Comparing Federal Courts "Paradigms."
Fallon, Richard H., Jr., Constitutional Commentary
In a recent article, Professor Michael Wells attacks what I had characterized as "the Hart and Wechsler paradigm" for analysis of Federal Courts issues.(1) To summarize crudely, Wells claims that the Hart & Wechsler paradigm, which we agree reflects the still dominant approach to Federal Courts scholarship, is descriptively impoverished and normatively inadequate, and he offers a "pragmatic" alternative. Wells's article raises important issues for those who teach and write about Federal Courts law. His essay also calls attention to questions about the notion of examining legal issues by reference to a "paradigm" that are equally pertinent to other subject matters. A brief response, addressed to some of these issues, therefore seems warranted.
In an article entitled Reflections on the Hart and Wechsler Paradigm,(2) I maintained that Henry Hart and Herbert Wechsler had established the reigning Federal Courts "paradigm"(3) and attempted to identify its central elements. In the loose sense in which I used the term--reflecting an admittedly vulgar adaptation of Thomas Kuhn's concept of a scientific "paradigm"(4)--a paradigm is a set of assumptions that defines a series of problems worth solving and a framework within which to seek answers.(5) So conceived, the Hart & Wechsler paradigm has two main elements. The first defines the field of study. As framed by Hart Wechsler, Federal Courts issues characteristically involve the appropriate allocation of power to decide legal questions authoritatively.(6) For example, which tribunals should have what authority to decide which questions, and subject to what standard of review?(7)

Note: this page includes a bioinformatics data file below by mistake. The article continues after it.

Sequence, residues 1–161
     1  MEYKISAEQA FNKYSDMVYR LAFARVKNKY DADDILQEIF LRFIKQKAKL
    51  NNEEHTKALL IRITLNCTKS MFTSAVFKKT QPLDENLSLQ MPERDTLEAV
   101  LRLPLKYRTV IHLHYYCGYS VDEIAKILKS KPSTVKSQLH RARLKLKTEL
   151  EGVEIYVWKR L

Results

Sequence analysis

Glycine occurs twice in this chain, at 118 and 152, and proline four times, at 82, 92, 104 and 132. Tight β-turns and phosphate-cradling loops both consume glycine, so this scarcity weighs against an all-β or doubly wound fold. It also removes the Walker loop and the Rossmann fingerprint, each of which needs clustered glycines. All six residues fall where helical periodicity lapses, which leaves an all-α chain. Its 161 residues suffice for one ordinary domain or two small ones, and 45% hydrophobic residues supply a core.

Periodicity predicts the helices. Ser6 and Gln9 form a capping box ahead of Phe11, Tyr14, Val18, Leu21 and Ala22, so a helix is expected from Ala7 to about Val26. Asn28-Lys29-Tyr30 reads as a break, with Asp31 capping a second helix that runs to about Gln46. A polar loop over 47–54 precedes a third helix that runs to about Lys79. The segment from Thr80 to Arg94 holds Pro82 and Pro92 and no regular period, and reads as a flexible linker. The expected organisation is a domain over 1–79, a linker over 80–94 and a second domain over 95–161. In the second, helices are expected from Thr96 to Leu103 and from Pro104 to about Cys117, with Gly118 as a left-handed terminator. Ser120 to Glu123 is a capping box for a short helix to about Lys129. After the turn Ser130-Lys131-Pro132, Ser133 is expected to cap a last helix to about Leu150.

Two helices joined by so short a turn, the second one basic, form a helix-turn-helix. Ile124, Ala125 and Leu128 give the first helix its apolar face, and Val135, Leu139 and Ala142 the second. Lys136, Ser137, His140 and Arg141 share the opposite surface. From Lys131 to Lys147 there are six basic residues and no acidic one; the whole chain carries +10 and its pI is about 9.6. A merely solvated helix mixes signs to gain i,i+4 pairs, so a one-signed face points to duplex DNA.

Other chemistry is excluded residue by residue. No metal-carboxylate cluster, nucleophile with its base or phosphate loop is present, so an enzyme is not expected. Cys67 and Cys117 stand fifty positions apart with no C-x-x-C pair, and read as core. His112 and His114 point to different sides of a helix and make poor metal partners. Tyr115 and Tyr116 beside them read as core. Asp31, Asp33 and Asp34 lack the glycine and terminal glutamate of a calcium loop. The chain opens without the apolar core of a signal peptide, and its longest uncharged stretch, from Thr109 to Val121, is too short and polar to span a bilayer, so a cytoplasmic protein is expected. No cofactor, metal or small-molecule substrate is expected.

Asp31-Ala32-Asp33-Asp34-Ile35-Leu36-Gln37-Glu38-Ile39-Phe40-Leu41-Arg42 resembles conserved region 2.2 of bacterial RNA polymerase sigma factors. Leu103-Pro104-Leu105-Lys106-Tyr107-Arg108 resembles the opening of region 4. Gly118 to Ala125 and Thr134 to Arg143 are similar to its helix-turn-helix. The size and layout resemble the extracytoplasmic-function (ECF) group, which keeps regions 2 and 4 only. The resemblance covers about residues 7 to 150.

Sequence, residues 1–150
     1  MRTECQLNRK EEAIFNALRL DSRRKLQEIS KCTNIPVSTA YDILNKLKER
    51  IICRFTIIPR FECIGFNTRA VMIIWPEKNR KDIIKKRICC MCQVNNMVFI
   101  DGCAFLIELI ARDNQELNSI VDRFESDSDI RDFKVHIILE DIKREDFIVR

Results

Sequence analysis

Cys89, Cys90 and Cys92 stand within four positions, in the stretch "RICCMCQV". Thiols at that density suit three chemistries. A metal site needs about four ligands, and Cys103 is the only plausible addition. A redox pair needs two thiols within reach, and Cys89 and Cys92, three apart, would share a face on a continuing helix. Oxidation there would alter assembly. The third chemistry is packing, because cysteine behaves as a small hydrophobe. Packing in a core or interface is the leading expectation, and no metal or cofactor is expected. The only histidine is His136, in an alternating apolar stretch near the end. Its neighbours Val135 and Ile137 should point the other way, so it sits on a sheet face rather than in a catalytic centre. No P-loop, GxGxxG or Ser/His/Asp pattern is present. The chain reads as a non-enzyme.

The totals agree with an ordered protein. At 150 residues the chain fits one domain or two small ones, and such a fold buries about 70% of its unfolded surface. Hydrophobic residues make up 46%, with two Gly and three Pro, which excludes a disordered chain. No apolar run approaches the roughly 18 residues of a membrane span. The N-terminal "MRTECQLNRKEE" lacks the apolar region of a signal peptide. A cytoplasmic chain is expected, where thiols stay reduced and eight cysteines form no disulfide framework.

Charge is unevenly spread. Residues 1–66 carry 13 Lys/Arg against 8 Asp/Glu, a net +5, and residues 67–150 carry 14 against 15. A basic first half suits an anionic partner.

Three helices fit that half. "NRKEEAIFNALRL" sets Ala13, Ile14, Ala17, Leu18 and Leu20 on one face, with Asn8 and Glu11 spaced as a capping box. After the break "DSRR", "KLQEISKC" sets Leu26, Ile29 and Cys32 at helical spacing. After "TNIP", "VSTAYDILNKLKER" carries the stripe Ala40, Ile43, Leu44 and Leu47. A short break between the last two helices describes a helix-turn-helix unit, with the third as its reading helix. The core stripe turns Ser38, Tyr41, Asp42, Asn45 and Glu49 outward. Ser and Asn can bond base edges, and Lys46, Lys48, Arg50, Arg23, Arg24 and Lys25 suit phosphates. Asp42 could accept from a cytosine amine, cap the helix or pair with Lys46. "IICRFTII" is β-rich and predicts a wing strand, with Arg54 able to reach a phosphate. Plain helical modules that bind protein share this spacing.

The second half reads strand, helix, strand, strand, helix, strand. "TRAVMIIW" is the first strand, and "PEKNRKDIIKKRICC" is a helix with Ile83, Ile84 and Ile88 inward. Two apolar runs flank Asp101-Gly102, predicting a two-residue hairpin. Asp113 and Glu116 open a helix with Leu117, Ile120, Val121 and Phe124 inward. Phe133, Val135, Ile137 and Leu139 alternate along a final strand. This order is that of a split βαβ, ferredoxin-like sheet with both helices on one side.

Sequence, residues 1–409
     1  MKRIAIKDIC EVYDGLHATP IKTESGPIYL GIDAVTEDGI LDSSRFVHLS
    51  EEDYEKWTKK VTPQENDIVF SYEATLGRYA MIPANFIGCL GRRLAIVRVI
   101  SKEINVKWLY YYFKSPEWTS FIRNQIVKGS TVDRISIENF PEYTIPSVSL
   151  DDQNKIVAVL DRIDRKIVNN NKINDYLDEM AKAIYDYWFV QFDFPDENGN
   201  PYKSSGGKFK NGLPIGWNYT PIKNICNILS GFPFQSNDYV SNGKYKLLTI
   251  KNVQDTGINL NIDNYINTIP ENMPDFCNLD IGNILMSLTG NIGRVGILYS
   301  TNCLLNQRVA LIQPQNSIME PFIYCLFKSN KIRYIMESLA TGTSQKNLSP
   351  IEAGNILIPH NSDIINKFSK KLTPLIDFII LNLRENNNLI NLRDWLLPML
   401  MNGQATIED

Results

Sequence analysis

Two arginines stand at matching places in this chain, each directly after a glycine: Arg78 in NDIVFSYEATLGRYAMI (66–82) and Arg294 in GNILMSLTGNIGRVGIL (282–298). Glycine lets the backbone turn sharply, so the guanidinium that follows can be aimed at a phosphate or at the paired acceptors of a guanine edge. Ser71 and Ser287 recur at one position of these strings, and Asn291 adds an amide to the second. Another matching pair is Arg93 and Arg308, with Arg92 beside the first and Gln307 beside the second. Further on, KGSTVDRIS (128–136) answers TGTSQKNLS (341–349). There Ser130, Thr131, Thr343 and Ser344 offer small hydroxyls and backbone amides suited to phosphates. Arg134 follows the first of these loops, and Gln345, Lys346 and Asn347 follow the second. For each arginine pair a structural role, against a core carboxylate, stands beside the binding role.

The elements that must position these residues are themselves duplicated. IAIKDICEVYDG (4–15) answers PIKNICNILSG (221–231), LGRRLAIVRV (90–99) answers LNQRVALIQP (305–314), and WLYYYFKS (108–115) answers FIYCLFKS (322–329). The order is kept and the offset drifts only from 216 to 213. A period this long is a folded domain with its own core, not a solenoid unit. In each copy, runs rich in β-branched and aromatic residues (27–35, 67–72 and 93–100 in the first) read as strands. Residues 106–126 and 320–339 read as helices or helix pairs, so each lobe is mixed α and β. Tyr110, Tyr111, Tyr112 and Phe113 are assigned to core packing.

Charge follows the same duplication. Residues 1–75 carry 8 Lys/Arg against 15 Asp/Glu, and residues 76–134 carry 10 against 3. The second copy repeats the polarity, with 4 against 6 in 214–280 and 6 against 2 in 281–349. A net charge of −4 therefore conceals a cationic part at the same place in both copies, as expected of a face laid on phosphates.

The second aspect of the Hart & Wechsler paradigm, I argued, consists of a set of largely methodological assumptions-associated generally with the Legal Process school--about how questions such as these should be answered. For present purposes, the most basic of these assumptions is what I termed "the antipositivist principle":(8)
"[W]e should understand the `law' bearing on allocations of
institutional responsibility as a rich, fluid, and evolving set of
norms for effective governance and dispute resolution, not as a
positivist system of fixed and determinate rules .... [L]egal
interpretation should be purposive, not rigid or mechanical,
and the variety of sources of law to which a legal interpreter
can appeal includes principles and policies as well as canonical
texts." Given the fluidity implied by the antipositivist principle, judges and lawyers need interpretive guidance. "The principle of structural interpretation" and "the principle of the rule of law" respond to this demand. The principle of structural interpretation provides that "[i]n disputes about the proper allocation of decision-making authority, the principles and policies underlying federalism and the separation of powers deserve special weight."(9) The principle of the rule of law implies that "courts have irreducible functions"(10) and "requires the availability of judicial remedies sufficient to vindicate fundamental legal principles."(11) Two further principles, "the principle of reasoned elaboration"(12) and "the neutrality principle,"(13) indicate generally that courts should strive to give reasoned justifications for their decisions.(14) As Wells correctly points out, the conjunction of the latter two principles implies an ideal of legal "coherence" or "integrity."(15) The final methodological assumption of the Hart & Wechsler paradigm, the "principle of institutional settlement," recognizes "the claim to legitimacy of thoughtful, deliberative, unbiased decisions by government officials who are reasonably empowered to make such decisions."
In my earlier article, I attributed these interpretive principles to the first edition of the Hart & Wechsler casebook, read in light of the equally famed Legal Process materials published only a few years later by Henry Hart and Albert Sacks. …